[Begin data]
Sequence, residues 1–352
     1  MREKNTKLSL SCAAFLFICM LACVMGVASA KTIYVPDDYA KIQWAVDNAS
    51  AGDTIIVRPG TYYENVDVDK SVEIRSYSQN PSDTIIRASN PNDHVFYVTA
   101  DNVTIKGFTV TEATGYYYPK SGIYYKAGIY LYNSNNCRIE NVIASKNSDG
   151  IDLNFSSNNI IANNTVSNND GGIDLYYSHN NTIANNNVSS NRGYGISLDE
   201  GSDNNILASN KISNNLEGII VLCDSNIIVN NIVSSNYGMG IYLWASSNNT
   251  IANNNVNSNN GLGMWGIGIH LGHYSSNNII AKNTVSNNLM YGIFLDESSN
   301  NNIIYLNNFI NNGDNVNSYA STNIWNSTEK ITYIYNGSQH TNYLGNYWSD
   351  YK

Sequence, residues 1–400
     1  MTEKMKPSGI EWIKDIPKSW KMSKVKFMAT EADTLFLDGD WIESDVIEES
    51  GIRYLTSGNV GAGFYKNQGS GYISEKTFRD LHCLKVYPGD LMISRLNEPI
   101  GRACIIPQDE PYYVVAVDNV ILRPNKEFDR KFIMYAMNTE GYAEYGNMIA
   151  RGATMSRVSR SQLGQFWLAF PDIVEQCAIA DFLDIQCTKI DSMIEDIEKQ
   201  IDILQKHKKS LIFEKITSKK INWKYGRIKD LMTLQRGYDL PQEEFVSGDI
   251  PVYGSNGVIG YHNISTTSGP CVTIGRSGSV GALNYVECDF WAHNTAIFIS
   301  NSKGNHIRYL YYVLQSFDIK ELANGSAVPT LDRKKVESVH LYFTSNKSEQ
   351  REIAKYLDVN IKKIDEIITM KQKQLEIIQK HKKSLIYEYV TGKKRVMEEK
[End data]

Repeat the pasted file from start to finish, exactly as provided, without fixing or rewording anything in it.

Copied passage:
Sequence, residues 1–352
     1  MREKNTKLSL SCAAFLFICM LACVMGVASA KTIYVPDDYA KIQWAVDNAS
    51  AGDTIIVRPG TYYENVDVDK SVEIRSYSQN PSDTIIRASN PNDHVFYVTA
   101  DNVTIKGFTV TEATGYYYPK SGIYYKAGIY LYNSNNCRIE NVIASKNSDG
   151  IDLNFSSNNI IANNTVSNND GGIDLYYSHN NTIANNNVSS NRGYGISLDE
   201  GSDNNILASN KISNNLEGII VLCDSNIIVN NIVSSNYGMG IYLWASSNNT
   251  IANNNVNSNN GLGMWGIGIH LGHYSSNNII AKNTVSNNLM YGIFLDESSN
   301  NNIIYLNNFI NNGDNVNSYA STNIWNSTEK ITYIYNGSQH TNYLGNYWSD
   351  YK

Sequence, residues 1–400
     1  MTEKMKPSGI EWIKDIPKSW KMSKVKFMAT EADTLFLDGD WIESDVIEES
    51  GIRYLTSGNV GAGFYKNQGS GYISEKTFRD LHCLKVYPGD LMISRLNEPI
   101  GRACIIPQDE PYYVVAVDNV ILRPNKEFDR KFIMYAMNTE GYAEYGNMIA
   151  RGATMSRVSR SQLGQFWLAF PDIVEQCAIA DFLDIQCTKI DSMIEDIEKQ
   201  IDILQKHKKS LIFEKITSKK INWKYGRIKD LMTLQRGYDL PQEEFVSGDI
   251  PVYGSNGVIG YHNISTTSGP CVTIGRSGSV GALNYVECDF WAHNTAIFIS
   301  NSKGNHIRYL YYVLQSFDIK ELANGSAVPT LDRKKVESVH LYFTSNKSEQ
   351  REIAKYLDVN IKKIDEIITM KQKQLEIIQK HKKSLIYEYV TGKKRVMEEK